Friday, June 22, 2012

Sipping Chai in Dharavi

If you find yourself lost, you have only just begun your journey.

That's what it felt like when I looked at the sea of people crossing the bridge over the train tracks and pouring into Dharavi, famously known as "Asia's Largest Slum" and, supposedly, captured in the movie Slumdog Millionaire. 

Dont look down, they might say to you, as you dodge children and waves of people moving in every direction over the bridge. You hit the ground on the other side. Look up! See the woman leaning in the doorway of the second floor apartment, sewing and adjusting her sari? Children in uniforms scatter around you, running, pushing each other, and throwing a rock back and forth. The older ones are clinging together, staring at you wide eyed and giggling. "Hello," they'll say. And then they'll burst into laughter with pleasure when you respond.

Now the road forks and you have to decide where to go. To you it looks the same on both sides. Here no one stares at you because they want something. You feel safer walking around in the very crowded, busy and tangled streets there than you have anywhere else here. People dont look at you like they wanted something (this is the first time this has been true for the entire trip). They just look at you as though you are a new face in a very tight knit community, and when you smile they smile back. 

An invisible rope of shared foreign-ness keeps you tied to the other students you came with. You follow them through tiny, dark spaces, stepping over exposed pipes, drying clothes that have fallen from the wind, the lost cricket ball of children playing just ahead of you in an open square, and the occasional potato chip wrapper. 

We sat on the third floor of a loft with a small chat store on the ground floor. A man arrived selling Chai towards the end of our discussion about the community and the city (I, of course, was asking about local gangs, crime and violence... none of which played a huge role in this neighborhood). People live SUPER close together, but it isnt scary and claustrophobic which is what I was worried about. This community is one of the examples of this city where 60% of the population lives on just 5% of the land. And this is the 3rd largest city in the world. (Does this help with you picture of volume?)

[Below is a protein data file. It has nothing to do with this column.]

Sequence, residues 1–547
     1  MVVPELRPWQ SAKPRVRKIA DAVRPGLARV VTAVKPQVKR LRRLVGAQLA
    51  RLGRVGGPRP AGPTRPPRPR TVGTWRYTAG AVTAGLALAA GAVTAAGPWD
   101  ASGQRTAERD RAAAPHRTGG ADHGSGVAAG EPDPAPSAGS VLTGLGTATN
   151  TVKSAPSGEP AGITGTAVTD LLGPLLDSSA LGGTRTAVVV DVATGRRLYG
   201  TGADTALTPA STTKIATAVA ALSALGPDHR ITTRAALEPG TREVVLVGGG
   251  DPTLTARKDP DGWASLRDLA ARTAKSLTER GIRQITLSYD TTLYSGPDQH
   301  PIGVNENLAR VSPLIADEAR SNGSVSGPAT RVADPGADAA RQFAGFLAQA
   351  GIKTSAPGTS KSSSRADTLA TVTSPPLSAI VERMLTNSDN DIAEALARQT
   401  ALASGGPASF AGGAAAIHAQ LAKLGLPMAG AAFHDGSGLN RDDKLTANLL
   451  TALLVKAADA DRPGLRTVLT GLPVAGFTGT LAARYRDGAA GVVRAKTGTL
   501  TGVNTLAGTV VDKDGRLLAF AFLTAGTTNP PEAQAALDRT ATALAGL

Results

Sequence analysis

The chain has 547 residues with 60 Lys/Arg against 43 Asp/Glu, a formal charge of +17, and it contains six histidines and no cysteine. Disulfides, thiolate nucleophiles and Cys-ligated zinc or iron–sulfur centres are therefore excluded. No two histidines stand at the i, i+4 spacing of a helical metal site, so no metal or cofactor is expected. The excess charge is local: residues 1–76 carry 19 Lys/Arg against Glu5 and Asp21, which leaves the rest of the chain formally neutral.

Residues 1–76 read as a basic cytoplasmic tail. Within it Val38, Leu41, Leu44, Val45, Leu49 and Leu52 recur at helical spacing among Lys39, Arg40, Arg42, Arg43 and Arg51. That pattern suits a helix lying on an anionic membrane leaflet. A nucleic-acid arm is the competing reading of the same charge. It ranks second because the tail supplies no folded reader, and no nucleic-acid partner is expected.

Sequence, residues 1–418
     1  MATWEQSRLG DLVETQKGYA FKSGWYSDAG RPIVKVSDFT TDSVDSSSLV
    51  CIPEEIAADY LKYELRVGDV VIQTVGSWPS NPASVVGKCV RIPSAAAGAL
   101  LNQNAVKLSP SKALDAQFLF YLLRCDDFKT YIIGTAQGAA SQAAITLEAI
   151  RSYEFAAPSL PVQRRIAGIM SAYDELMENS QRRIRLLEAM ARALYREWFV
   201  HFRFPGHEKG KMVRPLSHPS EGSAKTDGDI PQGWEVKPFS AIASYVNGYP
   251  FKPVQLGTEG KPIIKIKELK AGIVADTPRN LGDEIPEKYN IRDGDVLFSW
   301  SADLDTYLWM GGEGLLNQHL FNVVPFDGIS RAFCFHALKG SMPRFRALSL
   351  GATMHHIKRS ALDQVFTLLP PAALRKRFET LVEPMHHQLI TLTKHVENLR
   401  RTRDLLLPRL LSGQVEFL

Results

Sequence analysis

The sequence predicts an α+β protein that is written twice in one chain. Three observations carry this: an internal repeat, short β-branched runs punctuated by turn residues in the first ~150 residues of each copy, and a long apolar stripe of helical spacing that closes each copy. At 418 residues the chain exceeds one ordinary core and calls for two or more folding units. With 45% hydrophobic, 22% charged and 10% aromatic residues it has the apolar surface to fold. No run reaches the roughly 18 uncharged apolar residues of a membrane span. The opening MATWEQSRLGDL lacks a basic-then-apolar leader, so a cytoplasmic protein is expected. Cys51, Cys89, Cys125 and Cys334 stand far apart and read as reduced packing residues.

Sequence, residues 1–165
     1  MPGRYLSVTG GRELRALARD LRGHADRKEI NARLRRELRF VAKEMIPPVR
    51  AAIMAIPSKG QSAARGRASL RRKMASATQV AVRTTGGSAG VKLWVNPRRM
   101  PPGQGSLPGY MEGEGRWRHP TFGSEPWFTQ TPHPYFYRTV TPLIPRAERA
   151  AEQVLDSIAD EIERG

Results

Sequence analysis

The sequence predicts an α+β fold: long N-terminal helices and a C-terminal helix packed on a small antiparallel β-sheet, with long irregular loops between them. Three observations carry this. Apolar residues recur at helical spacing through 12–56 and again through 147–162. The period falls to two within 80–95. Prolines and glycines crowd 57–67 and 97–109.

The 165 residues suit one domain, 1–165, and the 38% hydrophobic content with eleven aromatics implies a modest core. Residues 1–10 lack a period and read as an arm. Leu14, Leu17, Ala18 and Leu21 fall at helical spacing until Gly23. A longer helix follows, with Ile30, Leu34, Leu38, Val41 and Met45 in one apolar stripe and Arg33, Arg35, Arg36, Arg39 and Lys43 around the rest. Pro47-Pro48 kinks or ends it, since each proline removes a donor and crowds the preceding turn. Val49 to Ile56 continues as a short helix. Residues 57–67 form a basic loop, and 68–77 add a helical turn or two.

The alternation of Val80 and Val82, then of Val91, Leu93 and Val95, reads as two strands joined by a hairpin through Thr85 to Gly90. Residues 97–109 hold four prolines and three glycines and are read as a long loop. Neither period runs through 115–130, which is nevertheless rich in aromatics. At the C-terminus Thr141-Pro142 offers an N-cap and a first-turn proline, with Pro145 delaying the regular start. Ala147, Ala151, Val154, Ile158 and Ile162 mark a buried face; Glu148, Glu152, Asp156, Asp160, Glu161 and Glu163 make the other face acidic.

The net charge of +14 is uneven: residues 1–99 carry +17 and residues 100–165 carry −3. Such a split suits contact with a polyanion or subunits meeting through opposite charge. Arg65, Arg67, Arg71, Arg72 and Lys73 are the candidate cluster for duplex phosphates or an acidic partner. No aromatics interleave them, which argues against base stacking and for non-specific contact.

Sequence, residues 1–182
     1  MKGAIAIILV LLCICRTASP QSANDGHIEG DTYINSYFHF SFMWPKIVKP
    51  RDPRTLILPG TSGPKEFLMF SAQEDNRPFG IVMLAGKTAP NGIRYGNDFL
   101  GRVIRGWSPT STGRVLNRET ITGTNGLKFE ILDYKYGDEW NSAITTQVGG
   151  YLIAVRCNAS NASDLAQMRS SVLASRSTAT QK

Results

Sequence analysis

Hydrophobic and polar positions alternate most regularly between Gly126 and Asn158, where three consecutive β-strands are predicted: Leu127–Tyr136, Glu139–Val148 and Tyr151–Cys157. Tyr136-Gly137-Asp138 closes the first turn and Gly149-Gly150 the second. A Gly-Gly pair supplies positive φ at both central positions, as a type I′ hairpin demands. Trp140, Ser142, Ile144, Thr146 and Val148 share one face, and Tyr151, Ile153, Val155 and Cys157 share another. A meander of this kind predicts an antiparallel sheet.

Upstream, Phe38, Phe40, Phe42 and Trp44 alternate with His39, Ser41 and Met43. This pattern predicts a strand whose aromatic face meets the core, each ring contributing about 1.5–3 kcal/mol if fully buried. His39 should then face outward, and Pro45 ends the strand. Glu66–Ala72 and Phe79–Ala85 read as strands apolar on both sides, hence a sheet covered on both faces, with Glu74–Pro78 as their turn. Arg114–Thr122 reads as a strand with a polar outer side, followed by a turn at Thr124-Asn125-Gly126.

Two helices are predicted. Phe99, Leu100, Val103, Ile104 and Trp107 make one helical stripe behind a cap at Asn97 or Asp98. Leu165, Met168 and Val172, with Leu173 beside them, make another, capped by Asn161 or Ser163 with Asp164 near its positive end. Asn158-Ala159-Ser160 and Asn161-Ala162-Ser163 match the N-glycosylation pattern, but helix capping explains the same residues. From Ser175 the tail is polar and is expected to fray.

It is really dirty: there is trash everywhere because the city doesnt provide sanitation options, and there is just 1 public toilet for every 1,440 people so people shit in areas where they can find space/some semblance of privacy. But there are little tienditas everywhere, there are potters, and tanneries and all of these highly skilled craftsmen who have been practicing the same trade for generations and supplying the entire city and export market with really incredible goods.

The children also came up to me and shook my hand, introducing themselves in English and asking me for my name with huge smiles. I felt much more welcomed here than I had anywhere else. And there werent cars etc mowing you down.

The Chai was a nice touch. It was boiling hot outside, the sun was out in full force for most of our trip but it made the city so much nicer to see and be part of then the sheets of rain from a monsoon would have been. The tea was sweet and dark...sort of like the conversations we were having in that room before we headed out to explore the city with a man who knew his way through all of the twists, turns, stores, homes and people we found across the city.

And really, it was like a city all its own. 

So if you find yourself lost in Dharavi, you have only begun your journey. 

No comments:

Post a Comment